So…. I started this blog about 9 years ago with the aim to regularly reflect on role as an educator in little old New Zealand. Well as those of you who have ever visited this site or have ever read anything I have written can tell it hasn’t been very successful.
Although I have been a little reflective, I have focused a whole lot on ‘getting by’.
But the time has come… I need this ‘reflection’ to be an active part of what I do… if for no other reason than for the connection with other like-minded teachers out there who know how it all works, the stresses that the profession is currently going through and those who have the desire to be better today, than they were yesterday at this thing we do.
A Re:Blog but nevertheless important… especially at the moment, when school is starting to get a bit crazy.
I have thought for some time that teaching or schools can be a little parasitic in nature. I have days when I walk to the car at the end of the day completely drained of energy, thought, emotion and will. Not from the classes that I teach but the nature of the job that I do and how I do it. I work in a school that is exceptionally supportive but exceptionally busy – not unlike most New Zealand schools I would like to think – but some days I just cant give anymore.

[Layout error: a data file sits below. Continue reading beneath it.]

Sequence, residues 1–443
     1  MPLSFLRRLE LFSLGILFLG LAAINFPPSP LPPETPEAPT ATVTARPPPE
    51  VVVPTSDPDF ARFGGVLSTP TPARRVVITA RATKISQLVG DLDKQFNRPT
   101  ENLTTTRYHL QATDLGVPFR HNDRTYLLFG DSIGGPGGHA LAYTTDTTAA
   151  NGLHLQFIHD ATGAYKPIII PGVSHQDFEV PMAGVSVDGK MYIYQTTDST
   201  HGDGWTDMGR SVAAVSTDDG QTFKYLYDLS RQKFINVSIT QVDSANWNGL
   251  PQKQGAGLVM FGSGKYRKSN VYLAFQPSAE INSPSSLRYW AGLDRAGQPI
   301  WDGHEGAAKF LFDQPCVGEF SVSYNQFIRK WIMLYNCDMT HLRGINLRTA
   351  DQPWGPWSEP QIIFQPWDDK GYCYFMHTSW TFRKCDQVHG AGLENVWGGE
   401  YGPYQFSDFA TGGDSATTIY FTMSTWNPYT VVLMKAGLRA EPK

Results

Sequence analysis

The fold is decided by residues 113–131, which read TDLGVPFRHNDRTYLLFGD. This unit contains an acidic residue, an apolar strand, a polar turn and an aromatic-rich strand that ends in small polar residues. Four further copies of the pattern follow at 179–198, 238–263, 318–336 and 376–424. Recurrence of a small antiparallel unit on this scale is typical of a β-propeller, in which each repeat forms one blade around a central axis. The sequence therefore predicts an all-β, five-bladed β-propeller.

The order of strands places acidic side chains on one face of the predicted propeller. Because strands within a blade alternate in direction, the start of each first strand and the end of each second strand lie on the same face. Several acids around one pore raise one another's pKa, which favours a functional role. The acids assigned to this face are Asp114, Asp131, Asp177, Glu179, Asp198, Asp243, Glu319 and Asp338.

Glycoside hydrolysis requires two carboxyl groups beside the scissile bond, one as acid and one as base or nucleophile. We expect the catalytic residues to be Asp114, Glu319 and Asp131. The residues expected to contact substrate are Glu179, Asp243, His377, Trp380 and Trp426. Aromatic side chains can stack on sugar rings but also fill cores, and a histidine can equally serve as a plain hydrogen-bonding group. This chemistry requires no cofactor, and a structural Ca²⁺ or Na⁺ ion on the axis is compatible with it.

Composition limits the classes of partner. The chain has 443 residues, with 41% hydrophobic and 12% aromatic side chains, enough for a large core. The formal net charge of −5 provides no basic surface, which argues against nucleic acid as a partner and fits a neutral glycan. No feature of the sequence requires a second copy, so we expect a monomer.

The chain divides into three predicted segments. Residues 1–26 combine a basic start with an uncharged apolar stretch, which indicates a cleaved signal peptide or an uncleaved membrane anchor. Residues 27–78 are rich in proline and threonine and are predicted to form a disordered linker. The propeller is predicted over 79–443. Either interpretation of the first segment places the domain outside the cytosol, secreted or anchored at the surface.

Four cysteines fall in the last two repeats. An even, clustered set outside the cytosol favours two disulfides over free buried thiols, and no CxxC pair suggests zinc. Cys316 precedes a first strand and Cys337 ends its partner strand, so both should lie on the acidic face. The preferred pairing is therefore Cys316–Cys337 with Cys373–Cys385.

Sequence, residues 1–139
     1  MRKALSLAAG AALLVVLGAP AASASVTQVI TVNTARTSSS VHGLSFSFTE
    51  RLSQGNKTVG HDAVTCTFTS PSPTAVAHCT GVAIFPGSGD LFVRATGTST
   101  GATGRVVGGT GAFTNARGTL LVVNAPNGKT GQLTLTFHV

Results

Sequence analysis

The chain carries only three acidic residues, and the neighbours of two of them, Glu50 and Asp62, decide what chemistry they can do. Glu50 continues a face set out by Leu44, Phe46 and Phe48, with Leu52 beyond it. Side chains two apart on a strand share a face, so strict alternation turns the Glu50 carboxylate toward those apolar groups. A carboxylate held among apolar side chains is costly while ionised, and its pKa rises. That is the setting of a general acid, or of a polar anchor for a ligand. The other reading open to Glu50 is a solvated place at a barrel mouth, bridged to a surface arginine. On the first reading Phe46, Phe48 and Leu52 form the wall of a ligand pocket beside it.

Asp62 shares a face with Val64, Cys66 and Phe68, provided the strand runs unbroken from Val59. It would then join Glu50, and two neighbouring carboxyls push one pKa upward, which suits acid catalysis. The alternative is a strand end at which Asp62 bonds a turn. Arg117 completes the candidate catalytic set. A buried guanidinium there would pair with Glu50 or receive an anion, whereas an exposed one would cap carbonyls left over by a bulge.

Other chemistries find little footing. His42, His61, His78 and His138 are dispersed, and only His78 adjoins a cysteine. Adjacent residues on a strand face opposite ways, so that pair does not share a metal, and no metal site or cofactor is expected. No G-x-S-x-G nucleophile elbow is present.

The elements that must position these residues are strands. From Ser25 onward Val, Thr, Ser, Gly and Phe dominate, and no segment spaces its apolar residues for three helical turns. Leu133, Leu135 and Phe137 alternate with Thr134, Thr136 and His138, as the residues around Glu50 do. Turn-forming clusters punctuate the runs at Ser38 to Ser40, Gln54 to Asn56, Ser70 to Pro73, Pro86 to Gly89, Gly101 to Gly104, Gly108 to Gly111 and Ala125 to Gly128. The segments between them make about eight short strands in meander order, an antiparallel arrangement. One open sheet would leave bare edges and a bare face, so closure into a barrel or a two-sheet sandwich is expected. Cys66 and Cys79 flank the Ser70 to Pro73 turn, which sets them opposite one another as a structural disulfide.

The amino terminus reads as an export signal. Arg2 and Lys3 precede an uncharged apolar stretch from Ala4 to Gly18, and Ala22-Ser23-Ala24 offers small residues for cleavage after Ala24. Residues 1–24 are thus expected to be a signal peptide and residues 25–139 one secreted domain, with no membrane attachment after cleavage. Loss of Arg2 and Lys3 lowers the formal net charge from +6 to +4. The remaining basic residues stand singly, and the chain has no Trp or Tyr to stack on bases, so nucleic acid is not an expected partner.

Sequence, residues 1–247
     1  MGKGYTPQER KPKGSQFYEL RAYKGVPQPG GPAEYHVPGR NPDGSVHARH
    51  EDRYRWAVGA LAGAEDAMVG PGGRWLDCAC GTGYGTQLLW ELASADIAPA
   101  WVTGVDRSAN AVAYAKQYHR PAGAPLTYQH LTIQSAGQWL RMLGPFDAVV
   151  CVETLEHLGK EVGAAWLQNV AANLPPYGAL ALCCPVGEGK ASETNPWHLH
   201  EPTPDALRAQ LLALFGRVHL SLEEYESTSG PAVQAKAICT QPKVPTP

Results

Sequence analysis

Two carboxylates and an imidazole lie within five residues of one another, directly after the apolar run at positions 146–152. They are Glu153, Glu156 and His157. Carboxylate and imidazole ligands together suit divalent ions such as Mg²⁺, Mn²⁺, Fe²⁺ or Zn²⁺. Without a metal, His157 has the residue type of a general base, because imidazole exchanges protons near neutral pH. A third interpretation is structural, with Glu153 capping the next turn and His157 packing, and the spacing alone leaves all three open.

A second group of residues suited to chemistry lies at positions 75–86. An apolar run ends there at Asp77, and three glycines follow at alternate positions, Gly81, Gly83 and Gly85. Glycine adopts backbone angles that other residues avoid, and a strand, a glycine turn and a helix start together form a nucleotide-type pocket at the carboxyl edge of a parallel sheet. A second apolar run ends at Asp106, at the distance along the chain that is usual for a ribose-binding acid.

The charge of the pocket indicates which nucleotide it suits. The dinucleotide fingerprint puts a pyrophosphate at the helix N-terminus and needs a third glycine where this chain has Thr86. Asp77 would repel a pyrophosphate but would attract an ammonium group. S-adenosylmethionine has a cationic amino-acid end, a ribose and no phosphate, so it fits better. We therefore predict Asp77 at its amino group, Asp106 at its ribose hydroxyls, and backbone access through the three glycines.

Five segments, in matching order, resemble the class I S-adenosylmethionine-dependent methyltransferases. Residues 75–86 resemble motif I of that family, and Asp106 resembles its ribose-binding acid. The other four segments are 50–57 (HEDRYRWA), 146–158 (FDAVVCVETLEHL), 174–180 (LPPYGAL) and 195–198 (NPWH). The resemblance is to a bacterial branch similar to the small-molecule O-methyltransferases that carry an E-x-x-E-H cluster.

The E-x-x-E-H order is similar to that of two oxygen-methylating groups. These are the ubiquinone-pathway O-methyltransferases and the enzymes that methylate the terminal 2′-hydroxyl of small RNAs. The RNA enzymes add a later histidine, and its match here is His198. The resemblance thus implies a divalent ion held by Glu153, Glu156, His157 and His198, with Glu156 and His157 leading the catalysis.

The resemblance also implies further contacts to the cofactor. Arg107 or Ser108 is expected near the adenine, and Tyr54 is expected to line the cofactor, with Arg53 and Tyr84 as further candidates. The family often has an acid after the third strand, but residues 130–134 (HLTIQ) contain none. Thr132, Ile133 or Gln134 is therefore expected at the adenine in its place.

The other day I was recovering from one of those ‘leave everything on the field days’ rewatching the latest Angelina Jolie film SALT and I got to thinking about an article I had read in one of my wives ‘informative parenting magazines’ about Ms Jolie’ tattoos and their perceived meanings. She has a tattoo ‘V MCMXL’ on her arm that apparently refers to a speech made by Winston Churchill in the House of Commons on May 13 1940. In this speech Churchill addresses the House for the first time as Prime Minister during the height of World War II with the immortal words ‘”I have nothing to offer but blood, toil, tears and sweat”.
And I honestly believe that after I have given all my blood, toil, tears and sweat to my career I wonder what I have left for my family. I arrive home a depleted wee man, in dire need of chocolate, sleep and a snuggle with my 6 year old or 3 year old daughter and wife (not necessarily in that order). But they always smile, listen, hug and smile…regardless of what state i’m in when I stagger in the door.
I guess in a way Churchill’s quote is something that inadvertently like thousands of other teachers I live by, but I wonder at what cost to teachers and our families wellbeing it has. When and how do you say enough, and hold some back to give to something else. I know how important it is to have a work life balance but honestly when your job requires you give your best all the time so that you get the best out those you are working for HOW DO YOU DO IT?
I dont expect any answers – but I found it just a little interesting that a quote from one of the world’s greatest leaders used in a time of chaos and carnage best sums up how I and most the teachers I know feel and end of most days.